This past weekend we enjoyed our local small town festival. The sunflower festival had our town overflowing with visitors, food, music, entertainment, sunshine and knackzot for the weekend. Normally the streets of Altona are pretty much traffic-ridden free however on weekends like this we all search for parking, watch for cars as we walk and practice our patience as what normally takes “five minutes” to drive somewhere takes more like seven minutes. Small town problems.
Growing up in Altona we, as most parents, were excited to have our children enjoy the festivities as we did when we were young. A big part of the festival is the Saturday morning parade. Emily, our eldest typical learning daughter, like most children enjoyed the parade while catching and eating the candy and other treats being tossed into the crowds.
When Hannah was born with all her health and development difficulties we tried with all our might to immerse her in typical life. Exposing her to as much as we could while adopting the philosophy “know her limits and push her just above”. While her autism was only diagnosed late at age six we knew there were significant development irregularities that were not understandable to us however we chose to assume that she could do anything we put our minds to.
While regular everyday activities like responding to her name, walking in public, playing in a way that was not weird, and talking were alien to her we never assumed we were in for big problems as we approached the Saturday morning sunflower festival parade. We happily and naively brought Hannah to the parades expecting her (I kept forgetting that nothing was easy for this girl) to enjoy the parade. After all, kids. like. parades. Not so. Hannah would immediately show signs of being terrorized, with her face becoming red, her whole body sweating. She would clamor out of her stroller and while she could not appropriately converse with us knew the phrase to save herself. “Time to go home time to go home time to go home”. Crying, freaking out, and definitely not loving the parade we were perplexed at this unusual reaction. Eventually we gave in, knowing that the limits were pushed high enough. Letting her sit in the vehicle she would be safe from the noises and the sensory overload. It hurt to not only not have my daughter enjoy an outing with us but to see her so terribly afraid. People trying to be helpful would say unhelpful things to us like “I don’t really like parades either”. Fun fact …. don’t. Experiencing this odd reaction and knowing that it was not understandable to anyone made me feel even more isolated.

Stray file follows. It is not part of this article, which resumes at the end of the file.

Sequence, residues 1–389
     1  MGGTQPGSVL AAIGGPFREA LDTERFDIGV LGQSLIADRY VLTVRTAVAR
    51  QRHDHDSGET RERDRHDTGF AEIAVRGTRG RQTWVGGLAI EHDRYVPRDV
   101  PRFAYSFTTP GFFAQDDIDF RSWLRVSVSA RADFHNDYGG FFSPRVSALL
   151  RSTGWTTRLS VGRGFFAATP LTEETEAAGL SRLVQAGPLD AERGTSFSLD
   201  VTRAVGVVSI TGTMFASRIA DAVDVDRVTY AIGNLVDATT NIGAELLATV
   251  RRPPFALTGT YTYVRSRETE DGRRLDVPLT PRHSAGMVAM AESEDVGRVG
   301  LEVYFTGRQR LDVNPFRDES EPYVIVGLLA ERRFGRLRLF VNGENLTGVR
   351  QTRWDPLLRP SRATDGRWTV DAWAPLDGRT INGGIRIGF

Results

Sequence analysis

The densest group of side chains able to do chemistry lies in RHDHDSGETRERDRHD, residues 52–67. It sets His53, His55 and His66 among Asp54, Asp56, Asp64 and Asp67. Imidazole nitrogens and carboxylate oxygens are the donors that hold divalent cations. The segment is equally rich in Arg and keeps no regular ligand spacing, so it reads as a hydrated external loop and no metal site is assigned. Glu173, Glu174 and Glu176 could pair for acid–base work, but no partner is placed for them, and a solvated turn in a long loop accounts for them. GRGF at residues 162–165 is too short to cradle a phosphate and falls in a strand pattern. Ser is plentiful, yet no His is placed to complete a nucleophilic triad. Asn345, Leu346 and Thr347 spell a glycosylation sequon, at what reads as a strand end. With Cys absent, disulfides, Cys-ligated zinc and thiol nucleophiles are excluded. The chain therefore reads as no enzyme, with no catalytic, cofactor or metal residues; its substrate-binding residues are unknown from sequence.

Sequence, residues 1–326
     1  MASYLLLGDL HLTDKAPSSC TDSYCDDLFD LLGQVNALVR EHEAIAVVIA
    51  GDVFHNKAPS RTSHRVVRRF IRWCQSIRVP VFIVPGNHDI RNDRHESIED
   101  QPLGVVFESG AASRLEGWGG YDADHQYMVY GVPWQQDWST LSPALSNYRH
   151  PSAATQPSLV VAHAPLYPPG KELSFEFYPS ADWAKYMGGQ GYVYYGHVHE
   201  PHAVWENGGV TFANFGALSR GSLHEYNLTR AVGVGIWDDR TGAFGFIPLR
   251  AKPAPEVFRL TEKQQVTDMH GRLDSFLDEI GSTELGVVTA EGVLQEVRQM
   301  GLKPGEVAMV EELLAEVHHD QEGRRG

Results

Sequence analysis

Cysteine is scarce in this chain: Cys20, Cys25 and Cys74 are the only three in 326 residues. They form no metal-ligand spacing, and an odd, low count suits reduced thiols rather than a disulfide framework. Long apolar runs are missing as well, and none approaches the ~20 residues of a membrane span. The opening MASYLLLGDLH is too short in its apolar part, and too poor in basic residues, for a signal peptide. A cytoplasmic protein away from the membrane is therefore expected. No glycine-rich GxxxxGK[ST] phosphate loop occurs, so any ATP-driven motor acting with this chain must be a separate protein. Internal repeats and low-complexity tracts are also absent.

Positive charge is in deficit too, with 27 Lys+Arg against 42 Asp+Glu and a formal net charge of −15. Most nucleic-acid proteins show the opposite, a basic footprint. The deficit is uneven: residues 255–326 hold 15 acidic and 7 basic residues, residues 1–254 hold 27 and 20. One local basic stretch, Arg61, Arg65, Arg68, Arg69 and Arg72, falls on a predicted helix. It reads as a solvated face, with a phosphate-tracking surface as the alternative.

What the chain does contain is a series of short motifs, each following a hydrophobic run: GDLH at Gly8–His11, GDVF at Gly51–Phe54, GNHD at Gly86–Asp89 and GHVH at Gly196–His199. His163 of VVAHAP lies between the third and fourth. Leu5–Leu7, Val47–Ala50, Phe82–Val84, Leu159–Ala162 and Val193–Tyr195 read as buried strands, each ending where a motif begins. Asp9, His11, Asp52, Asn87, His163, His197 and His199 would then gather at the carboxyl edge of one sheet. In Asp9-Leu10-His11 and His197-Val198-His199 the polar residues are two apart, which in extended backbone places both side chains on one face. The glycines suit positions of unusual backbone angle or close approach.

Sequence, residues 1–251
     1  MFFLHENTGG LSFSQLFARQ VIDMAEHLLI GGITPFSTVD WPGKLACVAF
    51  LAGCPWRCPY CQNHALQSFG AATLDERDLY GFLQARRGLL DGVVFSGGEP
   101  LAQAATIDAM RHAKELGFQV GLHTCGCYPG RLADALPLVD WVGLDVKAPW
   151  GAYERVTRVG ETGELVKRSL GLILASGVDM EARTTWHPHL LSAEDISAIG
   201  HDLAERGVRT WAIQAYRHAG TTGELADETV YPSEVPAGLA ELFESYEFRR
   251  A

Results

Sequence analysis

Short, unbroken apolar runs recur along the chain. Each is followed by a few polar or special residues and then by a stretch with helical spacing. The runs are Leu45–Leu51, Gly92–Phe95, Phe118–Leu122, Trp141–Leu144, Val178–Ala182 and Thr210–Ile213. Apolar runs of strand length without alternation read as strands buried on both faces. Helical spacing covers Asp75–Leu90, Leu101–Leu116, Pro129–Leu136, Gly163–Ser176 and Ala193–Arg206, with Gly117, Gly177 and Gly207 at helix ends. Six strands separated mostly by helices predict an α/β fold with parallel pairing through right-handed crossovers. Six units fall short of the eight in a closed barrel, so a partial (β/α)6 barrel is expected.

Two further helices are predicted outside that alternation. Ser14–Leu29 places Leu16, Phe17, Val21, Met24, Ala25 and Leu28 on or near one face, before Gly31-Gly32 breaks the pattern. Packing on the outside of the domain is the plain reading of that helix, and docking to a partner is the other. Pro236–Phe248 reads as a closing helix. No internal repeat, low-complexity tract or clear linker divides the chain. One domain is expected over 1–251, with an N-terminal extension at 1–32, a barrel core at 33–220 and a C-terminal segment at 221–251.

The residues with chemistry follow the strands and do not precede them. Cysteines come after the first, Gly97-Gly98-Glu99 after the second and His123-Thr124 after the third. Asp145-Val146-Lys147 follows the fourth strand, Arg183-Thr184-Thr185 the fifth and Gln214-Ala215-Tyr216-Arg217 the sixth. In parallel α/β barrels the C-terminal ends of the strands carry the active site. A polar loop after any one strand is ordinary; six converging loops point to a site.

But every year we tried. Every year she was able to stay sitting with us and not in the vehicle a little longer. Eventually as the years went on we were able to only verbally warn her when the firetrucks, ambulance and other loud vehicles were coming and merely suggest she “cover her ears”. Eventually we took her to the parade without a single thought on her reaction. I beamed with pride as I saw her sit and watch a parade.
This summer Hannah’s head coach of the Special Olympics informed us that there was to be a Special O float and that all athletes were invited to be on the float. Immediately I said “Hannah will be there!” When I told Hannah about this opportunity she shook her head and said “I’m not gonna do it”. Inside I laughed asking myself “Has she even met me?”
Hannah stuck with her opinion of “not going to do it” until the night before when I told her who would all be on the float – one of them being a long lasting crush. Suddenly the parade sounded good and she was excited! Thank goodness for Eli.
Being old and tired when I brought her to the float the years of parade hell were lost on me as I felt I was just dropping her off. The fact that we had worked really, really hard on this fell to the ground and it felt like I was just doing a task.
We watched the parade this year without Hannah. Not because she was in the vehicle terrorized but because she was participating in the parade. When the Special O float came by we cheered and waved! Hannah covered her face with her hair as her Special O friends on either side of her encouraged her to look and wave at us. It was a beautiful few fleeting moments.
Once again I am reminded to continue pushing Hannah just as we all need to be pushed in different avenues of our life. Sometimes in the special needs world there can be a ‘reverse discrimination’ meaning that because somebody has a disability that we don’t ask anything of them. We are so glad that while it was difficult, that we persevered for her and that we helped her achieve this win!